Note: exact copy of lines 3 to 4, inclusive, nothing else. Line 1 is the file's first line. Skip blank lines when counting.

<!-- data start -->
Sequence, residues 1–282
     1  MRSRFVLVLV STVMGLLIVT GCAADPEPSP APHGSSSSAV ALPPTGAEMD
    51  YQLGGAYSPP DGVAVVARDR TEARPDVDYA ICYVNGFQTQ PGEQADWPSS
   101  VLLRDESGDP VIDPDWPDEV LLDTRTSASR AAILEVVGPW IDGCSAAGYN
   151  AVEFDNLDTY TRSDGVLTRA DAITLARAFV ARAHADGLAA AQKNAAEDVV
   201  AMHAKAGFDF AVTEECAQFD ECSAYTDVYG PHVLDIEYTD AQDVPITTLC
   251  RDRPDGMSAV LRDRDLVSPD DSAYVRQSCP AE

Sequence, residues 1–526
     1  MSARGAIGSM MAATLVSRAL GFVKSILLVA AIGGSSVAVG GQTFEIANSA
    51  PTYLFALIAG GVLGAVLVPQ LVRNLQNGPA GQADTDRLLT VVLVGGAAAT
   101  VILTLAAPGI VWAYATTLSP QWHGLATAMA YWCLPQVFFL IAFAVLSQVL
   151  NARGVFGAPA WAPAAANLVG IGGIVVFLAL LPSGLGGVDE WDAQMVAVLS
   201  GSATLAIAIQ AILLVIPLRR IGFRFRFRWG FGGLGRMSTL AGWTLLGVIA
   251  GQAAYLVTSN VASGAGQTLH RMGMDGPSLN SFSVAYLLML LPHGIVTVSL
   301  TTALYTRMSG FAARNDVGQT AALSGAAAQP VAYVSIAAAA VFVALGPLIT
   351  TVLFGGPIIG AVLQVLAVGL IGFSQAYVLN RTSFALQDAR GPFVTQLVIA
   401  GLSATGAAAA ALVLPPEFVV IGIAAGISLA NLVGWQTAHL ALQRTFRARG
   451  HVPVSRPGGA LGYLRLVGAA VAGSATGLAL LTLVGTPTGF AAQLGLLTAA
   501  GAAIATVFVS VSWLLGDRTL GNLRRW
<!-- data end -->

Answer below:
    51  YQLGGAYSPP DGVAVVARDR TEARPDVDYA ICYVNGFQTQ PGEQADWPSS
   101  VLLRDESGDP VIDPDWPDEV LLDTRTSASR AAILEVVGPW IDGCSAAGYN